701 Whaley

About 701 Whaley

Today

701 Whaley has been renovated and is a thriving community center that boasts office suites, live/work lofts, 701 Center for Contemporary Arts and unique spaces for event rentals. It is also home to thehallway:communityart, a showcase for local artists. Next door at 711 Whaley is the All Local Farmers' Market which serves thousands of folks every month.

Rental Spaces

The Grand Hall, a spacious 6,700 square feet with 12 foot windows, grand staircase, a glass storefront, original columns and aged, distinctive walls. Inviting. Flexible. One of a kind.

The Olympia Room upstairs boasts hardwood floors, tall windows and original turn buckle queen trusses and at 2000 square feet, is a more intimate space for rehearsal dinners, ceremonies, parties or acoustic events.

The Granby Room is a street level glass storefront space with two double door entrances and raw character of its own. It is approximately 2600 square feet.

Whether you're looking for a warm intimate setting for 50 or a spacious, distinctive venue for 1000, 701 Whaley can offer you options. View the Gallery page for photos of our great spaces.

History

Built in 1903 as the Granby and Pacific Mill village's company store, 701 Whaley, a 35,000 square-foot brick building in Columbia , SC has served many purposes. It quickly became a community center for the mill workers and everybody just called it "The Y". It included a bowling alley, library, auditorium, gymnasium, pool and dance hall. With dances every Friday night, a movie on Saturdays, basketball and billards, socials and civility this cornerstone of the community was hopping with action for several decades.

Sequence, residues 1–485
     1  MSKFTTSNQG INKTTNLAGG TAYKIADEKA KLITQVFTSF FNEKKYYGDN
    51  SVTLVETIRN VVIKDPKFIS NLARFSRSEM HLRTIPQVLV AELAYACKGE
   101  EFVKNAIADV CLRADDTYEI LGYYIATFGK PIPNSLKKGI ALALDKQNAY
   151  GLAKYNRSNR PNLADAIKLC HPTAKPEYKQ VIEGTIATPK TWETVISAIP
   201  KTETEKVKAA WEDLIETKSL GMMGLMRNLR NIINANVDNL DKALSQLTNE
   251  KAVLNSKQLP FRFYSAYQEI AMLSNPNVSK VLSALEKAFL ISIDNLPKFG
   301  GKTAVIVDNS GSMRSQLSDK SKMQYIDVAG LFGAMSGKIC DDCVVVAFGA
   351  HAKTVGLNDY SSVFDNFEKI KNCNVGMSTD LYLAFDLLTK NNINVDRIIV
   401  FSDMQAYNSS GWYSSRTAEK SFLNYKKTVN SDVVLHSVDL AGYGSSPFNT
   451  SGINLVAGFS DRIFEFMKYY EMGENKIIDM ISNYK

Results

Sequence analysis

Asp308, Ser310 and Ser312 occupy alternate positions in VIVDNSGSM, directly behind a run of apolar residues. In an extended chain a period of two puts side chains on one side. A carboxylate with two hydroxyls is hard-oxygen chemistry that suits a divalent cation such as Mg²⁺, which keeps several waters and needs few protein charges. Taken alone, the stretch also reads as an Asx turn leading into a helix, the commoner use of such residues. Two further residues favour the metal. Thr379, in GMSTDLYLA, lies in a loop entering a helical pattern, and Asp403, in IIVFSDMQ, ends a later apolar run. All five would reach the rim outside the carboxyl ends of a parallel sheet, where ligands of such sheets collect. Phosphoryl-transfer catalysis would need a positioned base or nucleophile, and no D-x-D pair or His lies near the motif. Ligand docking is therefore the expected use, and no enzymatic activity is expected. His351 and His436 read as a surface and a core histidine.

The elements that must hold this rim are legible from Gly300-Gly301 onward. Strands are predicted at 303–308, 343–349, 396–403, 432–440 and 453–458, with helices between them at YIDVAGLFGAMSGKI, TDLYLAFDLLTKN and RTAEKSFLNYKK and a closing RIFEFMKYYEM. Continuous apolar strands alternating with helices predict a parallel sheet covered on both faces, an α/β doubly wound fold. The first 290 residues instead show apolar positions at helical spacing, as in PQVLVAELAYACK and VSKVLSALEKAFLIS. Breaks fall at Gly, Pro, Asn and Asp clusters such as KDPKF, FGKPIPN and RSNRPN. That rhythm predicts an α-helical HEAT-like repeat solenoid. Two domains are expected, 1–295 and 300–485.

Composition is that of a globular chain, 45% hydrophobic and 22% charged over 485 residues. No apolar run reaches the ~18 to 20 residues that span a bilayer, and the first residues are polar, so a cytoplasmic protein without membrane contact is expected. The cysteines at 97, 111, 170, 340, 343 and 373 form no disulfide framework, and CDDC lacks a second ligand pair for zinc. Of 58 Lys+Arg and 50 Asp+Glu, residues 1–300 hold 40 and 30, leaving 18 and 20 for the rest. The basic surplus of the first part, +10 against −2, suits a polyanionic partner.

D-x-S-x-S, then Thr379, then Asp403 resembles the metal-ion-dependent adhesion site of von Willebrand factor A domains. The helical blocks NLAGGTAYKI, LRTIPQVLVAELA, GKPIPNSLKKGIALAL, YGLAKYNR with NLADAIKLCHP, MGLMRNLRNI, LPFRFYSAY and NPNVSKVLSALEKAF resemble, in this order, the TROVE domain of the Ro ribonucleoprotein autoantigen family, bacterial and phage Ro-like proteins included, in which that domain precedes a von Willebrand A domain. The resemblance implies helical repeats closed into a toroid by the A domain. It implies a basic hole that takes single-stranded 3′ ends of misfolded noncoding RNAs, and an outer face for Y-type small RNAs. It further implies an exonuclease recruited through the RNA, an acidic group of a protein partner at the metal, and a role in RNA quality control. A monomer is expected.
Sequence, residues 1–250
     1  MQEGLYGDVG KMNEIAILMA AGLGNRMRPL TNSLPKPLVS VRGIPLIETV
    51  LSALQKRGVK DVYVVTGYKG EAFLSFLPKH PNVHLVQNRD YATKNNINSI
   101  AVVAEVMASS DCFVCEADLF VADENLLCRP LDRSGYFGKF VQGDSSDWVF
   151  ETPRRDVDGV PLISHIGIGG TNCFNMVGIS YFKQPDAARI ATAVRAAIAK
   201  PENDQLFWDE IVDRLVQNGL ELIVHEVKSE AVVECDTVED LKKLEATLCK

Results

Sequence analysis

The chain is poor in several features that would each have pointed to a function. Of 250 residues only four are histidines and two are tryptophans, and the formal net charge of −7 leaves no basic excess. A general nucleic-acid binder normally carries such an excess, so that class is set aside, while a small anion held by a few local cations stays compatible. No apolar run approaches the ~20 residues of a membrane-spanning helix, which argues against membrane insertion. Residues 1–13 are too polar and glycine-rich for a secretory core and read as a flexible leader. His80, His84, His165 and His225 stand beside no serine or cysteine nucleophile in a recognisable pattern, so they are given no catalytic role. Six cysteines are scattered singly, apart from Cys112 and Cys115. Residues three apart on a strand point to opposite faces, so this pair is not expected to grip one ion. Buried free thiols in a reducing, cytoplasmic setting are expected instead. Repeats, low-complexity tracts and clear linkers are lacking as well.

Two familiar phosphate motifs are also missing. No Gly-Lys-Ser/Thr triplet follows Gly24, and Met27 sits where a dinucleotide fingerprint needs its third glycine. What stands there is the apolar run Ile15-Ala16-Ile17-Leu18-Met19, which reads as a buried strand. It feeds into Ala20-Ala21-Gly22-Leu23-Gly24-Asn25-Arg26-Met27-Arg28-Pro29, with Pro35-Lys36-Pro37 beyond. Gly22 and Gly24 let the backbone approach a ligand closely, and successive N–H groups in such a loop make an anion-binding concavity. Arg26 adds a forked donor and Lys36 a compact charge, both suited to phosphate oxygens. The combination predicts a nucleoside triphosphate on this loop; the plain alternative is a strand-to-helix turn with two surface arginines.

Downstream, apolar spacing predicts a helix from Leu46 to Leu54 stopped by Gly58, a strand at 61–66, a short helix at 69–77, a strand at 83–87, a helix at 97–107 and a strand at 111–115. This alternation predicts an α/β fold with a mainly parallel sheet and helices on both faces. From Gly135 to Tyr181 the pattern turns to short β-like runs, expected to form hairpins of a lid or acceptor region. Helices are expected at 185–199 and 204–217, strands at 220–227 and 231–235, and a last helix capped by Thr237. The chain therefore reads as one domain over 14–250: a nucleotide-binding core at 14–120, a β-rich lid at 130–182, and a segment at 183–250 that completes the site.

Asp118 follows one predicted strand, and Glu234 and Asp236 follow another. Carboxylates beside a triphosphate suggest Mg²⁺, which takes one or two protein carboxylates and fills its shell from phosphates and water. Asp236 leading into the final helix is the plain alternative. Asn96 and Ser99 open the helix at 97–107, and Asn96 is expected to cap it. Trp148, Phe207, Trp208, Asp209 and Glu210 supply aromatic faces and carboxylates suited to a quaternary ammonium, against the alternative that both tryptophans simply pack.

In 1909 The State paper when referring to 701 Whaley stated: "Probably the most interesting place to visitors in Columbia is the Pacific Mills Community and the Community Building and when everything is considered, it is a small wonder that this community, especially the Olympia Village, is so close-knit and proud." The building served many purposes until the 1980's when textile jobs moved away. In 2000 a portion of the roof caved in and the City of Columbia condemned the building and was on the brink of tearing it down. Richard Burts, who has years of experience developing local real estate and is an active leader in the business community, and Robert Lewis, whose expertise is in the renovation of historic buildings, along with Bob McConnel, California investor, purchased 701 Whaley in 2006 with the goal of preserving and restoring the iconic facility to its original appearance.

Lee Ann Kornegay produced a documentary on the history and restoration of the building, 701 Whaley, and kept a journal of the activity. Videos courtesy of L.A. Kornegay